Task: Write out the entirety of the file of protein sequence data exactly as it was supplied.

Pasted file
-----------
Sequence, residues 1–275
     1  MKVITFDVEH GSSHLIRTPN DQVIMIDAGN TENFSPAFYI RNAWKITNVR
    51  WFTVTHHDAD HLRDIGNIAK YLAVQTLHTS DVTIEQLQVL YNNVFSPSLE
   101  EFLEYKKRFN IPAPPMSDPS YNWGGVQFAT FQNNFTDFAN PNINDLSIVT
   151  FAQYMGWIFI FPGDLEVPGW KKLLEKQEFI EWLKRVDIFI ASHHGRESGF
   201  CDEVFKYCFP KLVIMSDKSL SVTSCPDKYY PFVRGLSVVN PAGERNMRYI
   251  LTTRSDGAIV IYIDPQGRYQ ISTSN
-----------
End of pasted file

Sequence, residues 1–275
     1  MKVITFDVEH GSSHLIRTPN DQVIMIDAGN TENFSPAFYI RNAWKITNVR
    51  WFTVTHHDAD HLRDIGNIAK YLAVQTLHTS DVTIEQLQVL YNNVFSPSLE
   101  EFLEYKKRFN IPAPPMSDPS YNWGGVQFAT FQNNFTDFAN PNINDLSIVT
   151  FAQYMGWIFI FPGDLEVPGW KKLLEKQEFI EWLKRVDIFI ASHHGRESGF
   201  CDEVFKYCFP KLVIMSDKSL SVTSCPDKYY PFVRGLSVVN PAGERNMRYI
   251  LTTRSDGAIV IYIDPQGRYQ ISTSN